“The 1-13s, these athletes are going to be struggling with just pure, physical approaches to things. I’ve worked with someone that was S9-S10, and these are people that have some limited mobility through the shoulders; one kid had an underdeveloped arm … he can’t use his right arm as well as a regularly-capable person would be able to use — not the musculature, not the tone, not the range of motion. As you get into the 7s, 6s and 5s, you have [athletes] missing an arm, missing a foot. Those are very physically-specific classes, and how they have to manage performance that way.”

[Tyson has] some difficulties when it comes to focusing and memorizing and studying in the classroom; but in terms of school success, we’ve got a lot of different stuff at Laurier that helps him get through that. But when it comes to performance, for the S14s, it’s more about understanding pacing and where they are in the pool and just some of the spatial awareness things, and having an understanding of when and how to properly exert to get optimal performance … he was identified in the past two years, and we’ve been working towards getting to this point and then, hopefully, we’ll be heading into trials in April for the Paralympic games in Tokyo, for next summer.

— Pedersen

“The S14s, these are the [athletes] that, for all intents and purposes, you might call them ‘physically complete’ — they have the full musculature, they have the full skeleton, they have all the physical attributes you would expect in a regularly-capable person, [but] they are struggling with the cognitive side of things. They are the ones that maybe aren’t as quick to react to stimuli; so, for example, with swimming, there’s a start stimuli — the sound for a start: do they know what that is, do they know what it means, and what they’re supposed to do when that happens? So that’s a very obvious thing that you would look for … some of the other ones, some of the more capable ones, their struggles are more with exertion: that sequencing idea of, at this point I’m supposed to do this type of activity, or I’m supposed to put this much effort into it.”

“There was an athlete in the past [on the] autism spectrum, and it didn’t matter how long the race was — he was going as fast as he could, right away — which, for a short race, not as much of an issue; but for a 200m, 400m race, you’re going to burn yourself out really quick, and you’re going to have a really difficult time come the back half of that race. All the physical attributes you would expect to see performance one way, but struggles putting it together in a cognitive or mental space … and again, why this group got added … down syndrome was always put into the Special Olympics … but the para-athletic organizations across levels thought that it was perhaps a little too exclusive, and wanted to bring some of those athletes into the more mainstream, competitive games, to give them more exposure, to show that they don’t struggle as much as we believe them to — they are perfectly capable of doing a lot of the things that you or I, or anyone else that is ‘normally capable’ is able to do: they just have to manage different struggles, different obstacles, than we do. But, with that, they are managing it and succeeding while managing those struggles. It’s cool, it’s fun, to give these groups of people the venue and the forum to show off.”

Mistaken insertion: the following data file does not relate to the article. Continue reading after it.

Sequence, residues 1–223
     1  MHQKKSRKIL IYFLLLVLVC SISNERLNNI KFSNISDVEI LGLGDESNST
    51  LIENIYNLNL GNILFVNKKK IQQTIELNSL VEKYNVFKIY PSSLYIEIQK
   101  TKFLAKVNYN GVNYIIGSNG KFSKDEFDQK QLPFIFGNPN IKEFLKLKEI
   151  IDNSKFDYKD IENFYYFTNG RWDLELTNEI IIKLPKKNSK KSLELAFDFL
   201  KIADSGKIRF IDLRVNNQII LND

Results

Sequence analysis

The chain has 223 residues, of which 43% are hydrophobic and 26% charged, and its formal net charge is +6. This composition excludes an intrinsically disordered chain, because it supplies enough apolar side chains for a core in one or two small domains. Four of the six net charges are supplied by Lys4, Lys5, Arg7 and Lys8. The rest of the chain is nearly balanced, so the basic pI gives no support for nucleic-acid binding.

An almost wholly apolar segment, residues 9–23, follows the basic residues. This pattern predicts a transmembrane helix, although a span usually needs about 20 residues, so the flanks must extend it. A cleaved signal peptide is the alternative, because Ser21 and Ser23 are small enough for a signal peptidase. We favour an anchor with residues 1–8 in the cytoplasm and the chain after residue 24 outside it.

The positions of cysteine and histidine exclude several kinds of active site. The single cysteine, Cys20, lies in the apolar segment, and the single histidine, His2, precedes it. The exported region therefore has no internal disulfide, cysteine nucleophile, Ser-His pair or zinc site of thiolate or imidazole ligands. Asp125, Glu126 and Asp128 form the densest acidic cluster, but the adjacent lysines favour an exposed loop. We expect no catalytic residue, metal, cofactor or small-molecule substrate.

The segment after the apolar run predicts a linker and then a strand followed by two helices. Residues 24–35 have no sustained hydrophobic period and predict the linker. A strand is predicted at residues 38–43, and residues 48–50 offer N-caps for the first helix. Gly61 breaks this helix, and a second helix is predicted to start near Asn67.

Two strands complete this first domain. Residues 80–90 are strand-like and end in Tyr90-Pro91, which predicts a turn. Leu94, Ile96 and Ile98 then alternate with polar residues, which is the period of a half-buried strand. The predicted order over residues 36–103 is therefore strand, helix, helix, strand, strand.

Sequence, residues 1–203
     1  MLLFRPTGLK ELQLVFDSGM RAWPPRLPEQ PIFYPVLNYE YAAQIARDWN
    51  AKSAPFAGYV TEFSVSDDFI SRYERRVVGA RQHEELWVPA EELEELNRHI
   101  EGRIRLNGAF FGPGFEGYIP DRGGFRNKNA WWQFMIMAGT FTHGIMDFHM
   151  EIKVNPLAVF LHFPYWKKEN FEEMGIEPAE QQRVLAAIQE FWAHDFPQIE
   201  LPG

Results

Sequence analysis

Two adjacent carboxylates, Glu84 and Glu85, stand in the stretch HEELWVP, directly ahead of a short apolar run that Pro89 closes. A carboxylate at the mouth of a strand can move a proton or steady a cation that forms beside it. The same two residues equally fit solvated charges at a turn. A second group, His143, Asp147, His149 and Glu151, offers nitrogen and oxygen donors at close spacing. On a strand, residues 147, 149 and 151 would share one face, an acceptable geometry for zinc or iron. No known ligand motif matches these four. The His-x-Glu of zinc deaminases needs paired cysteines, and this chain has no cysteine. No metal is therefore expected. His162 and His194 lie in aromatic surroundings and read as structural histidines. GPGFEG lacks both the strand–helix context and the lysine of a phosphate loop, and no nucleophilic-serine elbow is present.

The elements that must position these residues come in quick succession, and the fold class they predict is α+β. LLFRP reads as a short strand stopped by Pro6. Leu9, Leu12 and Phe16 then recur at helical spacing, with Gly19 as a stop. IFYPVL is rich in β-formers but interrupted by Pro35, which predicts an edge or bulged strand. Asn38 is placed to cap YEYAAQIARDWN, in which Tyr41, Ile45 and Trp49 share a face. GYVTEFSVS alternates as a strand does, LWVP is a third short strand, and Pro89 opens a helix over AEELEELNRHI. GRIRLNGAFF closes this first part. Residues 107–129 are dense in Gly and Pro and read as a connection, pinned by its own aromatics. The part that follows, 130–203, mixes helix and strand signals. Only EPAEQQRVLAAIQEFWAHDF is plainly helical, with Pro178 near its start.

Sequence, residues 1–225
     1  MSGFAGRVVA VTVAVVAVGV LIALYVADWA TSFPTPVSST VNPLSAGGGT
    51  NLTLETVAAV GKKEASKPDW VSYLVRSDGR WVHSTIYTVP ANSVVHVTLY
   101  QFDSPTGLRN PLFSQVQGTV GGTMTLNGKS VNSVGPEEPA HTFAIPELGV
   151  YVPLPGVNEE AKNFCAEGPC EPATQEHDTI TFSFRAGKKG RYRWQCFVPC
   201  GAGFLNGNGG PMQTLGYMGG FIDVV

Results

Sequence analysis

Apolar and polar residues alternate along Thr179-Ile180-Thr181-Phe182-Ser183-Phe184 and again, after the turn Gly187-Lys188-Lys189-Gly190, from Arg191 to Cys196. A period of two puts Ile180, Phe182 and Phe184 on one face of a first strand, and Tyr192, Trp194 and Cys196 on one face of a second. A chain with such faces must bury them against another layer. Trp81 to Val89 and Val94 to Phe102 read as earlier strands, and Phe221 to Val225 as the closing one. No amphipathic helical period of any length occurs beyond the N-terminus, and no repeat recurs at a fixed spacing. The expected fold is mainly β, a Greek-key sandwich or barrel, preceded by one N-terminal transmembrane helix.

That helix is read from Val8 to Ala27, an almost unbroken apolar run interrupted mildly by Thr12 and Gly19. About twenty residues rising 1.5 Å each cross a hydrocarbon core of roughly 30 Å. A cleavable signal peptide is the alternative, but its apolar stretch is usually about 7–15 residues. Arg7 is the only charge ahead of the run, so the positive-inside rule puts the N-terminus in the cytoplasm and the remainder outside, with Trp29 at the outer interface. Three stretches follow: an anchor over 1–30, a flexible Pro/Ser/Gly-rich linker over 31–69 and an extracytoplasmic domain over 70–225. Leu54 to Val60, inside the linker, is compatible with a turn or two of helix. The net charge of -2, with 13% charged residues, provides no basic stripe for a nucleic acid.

“The depth of the field, the total numbers across schools in the OUA, for para-athletes, is not deep enough to have a separate category for them. Unfortunately, they have to swim and be involved in one giant category. I don’t think that’s an exclusionary tactic, there’s just not enough to have separate scored events — yet — because there’s still some stigmas about getting kids at a younger age into athletics with different difficulties or challenges that they have to manage and then, are they able to maintain it? Because it is much more difficult, there’s more things you need to do to maintain performance … at Laurier, our swim team [is] roughly 20 members, [and] we had as many as two para-classified athletes — but usually, it’s one at a time.”

“I’ve been associate assistant coach here for four years, and so his entire Laurier career so far … I’ve had a chance to know him since he came to Laurier and as he’s grown through those first two years, just as a member of the general swimming population, and now since gearing him towards some of this para success. It’s been fun, it’s been good, I’m glad he’s having success. There’s been a lot of learning, just understanding how the rules affect the different classifications, because as much as he swims and competes and is ranked with the general swimming population, there are separate rules for para athletes, and we do try to apply them, at least at the OUA level, to make sure that the results are legitimate. Because despite it being a university setting, the results can still be used towards Swim Natation Canada, Swimming Ontario standards and qualifications, so you want to make sure it’s all legal as best as you can.”

“I’m still learning stuff about this realm of swimming and this realm of competition.”